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iPad mini gives you most of an iPad at half the size

Dan Frakes | Nov. 7, 2012
When the iPad debuted, many called it "just a big iPod touch." Most soon realized that such claims were misguided, as the iPad turned out to be much more: more powerful, more capable, more useful, more everything. Instead of being arithmetically bigger than the iPod touch, the iPad offered exponentially more of what was good about it.

Does all this sound like the old "for consumption, not creation" saw? A little. But while the iPad has clearly shown that it can be great for both, I think the iPad mini leans more towards the consumption side. You can use it for creating, and especially for creative pursuits that don't require a lot of typing, but a full-size iPad is probably a better bet for those tasks.

Also on the positive side, my young children absolutely love the iPad mini's smaller size. It's true that smaller isn't necessarily better for kids, but assuming your kids are old enough that the smaller screen won't present fine-motor-skills challenges, the iPad mini's lighter weight and more-compact size made it easier for my kids to hold and carry than a full-size iPad. They especially liked that it was easier to hold up to use the cameras. (One of my two test iPads spent a lot of time as a Toca Tailor machine over this past weekend.)

Accessory compatibility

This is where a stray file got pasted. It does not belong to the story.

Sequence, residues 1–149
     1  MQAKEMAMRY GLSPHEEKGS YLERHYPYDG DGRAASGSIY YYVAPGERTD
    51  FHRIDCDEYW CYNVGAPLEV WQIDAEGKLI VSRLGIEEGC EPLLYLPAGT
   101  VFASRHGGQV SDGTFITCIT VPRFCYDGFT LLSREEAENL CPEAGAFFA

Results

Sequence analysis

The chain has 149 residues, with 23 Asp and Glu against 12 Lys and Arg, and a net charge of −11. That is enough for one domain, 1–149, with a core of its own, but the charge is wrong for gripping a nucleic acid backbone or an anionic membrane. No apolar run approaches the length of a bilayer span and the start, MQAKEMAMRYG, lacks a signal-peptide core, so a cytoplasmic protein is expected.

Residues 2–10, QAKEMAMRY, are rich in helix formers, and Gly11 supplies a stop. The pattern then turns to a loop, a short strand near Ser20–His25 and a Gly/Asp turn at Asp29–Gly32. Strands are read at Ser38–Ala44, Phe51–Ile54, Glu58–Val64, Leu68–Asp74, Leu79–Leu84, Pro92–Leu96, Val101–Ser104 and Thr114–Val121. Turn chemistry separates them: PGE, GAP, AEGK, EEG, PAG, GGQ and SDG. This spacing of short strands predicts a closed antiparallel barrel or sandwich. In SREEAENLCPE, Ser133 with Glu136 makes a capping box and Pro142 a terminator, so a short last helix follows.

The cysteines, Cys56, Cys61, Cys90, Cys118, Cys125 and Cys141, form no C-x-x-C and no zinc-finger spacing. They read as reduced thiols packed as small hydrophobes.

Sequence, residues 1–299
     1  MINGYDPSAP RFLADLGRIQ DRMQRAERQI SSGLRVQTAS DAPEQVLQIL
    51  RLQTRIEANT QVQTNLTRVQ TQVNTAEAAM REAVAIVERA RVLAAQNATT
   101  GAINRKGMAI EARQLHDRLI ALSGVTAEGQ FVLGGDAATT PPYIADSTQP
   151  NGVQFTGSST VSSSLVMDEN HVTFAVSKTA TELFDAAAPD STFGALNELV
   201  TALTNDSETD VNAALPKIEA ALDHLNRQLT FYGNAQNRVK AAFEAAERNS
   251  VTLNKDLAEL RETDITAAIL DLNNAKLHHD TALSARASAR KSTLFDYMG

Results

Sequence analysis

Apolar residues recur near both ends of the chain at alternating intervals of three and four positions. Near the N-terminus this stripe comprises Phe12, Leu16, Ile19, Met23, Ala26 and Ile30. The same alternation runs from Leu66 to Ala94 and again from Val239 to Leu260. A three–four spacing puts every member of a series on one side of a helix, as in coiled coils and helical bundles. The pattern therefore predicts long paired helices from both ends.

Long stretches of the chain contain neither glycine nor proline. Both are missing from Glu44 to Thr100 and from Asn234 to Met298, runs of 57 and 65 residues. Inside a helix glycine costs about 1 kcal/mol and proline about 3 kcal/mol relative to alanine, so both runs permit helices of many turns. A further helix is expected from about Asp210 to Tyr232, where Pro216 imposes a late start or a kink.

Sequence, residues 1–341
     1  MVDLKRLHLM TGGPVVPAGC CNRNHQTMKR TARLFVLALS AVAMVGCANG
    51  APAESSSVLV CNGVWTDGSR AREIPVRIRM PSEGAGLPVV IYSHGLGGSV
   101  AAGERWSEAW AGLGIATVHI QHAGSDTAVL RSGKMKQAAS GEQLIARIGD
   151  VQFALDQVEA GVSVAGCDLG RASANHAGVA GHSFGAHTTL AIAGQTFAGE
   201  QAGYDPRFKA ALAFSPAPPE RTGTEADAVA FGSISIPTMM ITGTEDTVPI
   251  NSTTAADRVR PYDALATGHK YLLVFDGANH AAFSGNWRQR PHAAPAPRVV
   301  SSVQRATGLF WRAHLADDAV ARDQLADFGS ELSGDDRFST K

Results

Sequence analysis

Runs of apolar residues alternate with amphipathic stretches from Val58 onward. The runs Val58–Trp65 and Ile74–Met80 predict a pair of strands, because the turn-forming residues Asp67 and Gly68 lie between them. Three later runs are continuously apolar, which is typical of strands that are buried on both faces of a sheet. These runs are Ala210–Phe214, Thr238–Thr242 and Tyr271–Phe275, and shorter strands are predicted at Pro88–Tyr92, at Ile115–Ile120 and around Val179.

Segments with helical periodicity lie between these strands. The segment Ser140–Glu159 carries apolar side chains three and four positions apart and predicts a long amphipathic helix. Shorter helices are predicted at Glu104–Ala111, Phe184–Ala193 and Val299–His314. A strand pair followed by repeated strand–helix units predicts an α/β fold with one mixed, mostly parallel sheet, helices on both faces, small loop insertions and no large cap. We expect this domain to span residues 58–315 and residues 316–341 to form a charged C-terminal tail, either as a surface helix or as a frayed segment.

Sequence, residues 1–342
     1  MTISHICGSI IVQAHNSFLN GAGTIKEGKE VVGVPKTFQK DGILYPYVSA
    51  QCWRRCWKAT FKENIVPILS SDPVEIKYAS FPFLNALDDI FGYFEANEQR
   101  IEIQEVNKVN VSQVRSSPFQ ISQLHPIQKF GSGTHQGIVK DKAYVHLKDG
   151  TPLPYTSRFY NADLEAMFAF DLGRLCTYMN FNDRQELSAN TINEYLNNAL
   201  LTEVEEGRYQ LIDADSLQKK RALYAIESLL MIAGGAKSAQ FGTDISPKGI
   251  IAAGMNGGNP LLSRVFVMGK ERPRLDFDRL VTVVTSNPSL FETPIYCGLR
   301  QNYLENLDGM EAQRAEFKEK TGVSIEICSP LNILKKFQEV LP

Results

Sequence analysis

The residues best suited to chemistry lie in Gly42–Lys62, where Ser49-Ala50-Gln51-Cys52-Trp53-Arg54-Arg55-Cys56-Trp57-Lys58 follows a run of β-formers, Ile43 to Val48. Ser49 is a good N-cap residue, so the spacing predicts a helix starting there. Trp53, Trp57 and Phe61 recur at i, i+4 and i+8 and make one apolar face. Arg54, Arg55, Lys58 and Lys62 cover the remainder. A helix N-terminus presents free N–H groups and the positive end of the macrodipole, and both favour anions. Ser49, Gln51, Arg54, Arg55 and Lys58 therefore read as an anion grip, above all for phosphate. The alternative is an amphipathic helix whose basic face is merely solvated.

Because it uses Apple's new Lightning connector, the iPad mini--like the iPhone 5 and latest iPod touch--is incompatible with older 30-pin dock-connector accessories unless you use one of Apple's Lightning-to-30-pin adapters, which work with most audio, charging, and syncing accessories.

Otherwise, the iPad mini supports the same types of accessories as full-size iPads do, including the Lightning-connector versions of Apple's SD Card Camera Reader and USB Camera Adapter. It also supports video output using Apple's soon-to-ship Lightning Digital AV Adapter and Lightning to VGA Adapter.

To buy or not to buy

The iPad mini feels like a smaller iPad only because it came second. If you weren't familiar with the iPad, and someone handed you an iPad mini and a fourth-generation iPad, it would be easy to think that the mini was the "standard" model with a super-sized version available for a premium. And I think that may very well be where Apple is headed with the iPad line. I wouldn't be surprised if the iPad mini eventually becomes, iPod mini-like, Apple's best-selling tablet, with only those who really need the extra power and screen size opting for the standard iPad.

Is it too expensive? Some people have criticized the iPad mini for its higher-than-Android-tablets price. Apple is quick to point out that the third-generation iPad, starting at $500, is Apple's most successful iPad to date, and the best-selling tablet in the world by a large margin. The implication here is that people clearly aren't buying tablets based on price--they're buying iPads. In Apple's view, the iPad mini lowers the cost of entry for buying an iPad, while maintaining the iPad experience and offering a bigger screen than its competitors. And as much as I would have liked a $199 or $249 iPad mini, I have to admit that Apple has a point here. Having used the iPad mini's most capable competitor, the Nexus 7, for an extended period, I think the iPad mini's combination of better overall hardware, fit and finish, iOS, and app and accessory ecosystems will be worth the price premium for many people.


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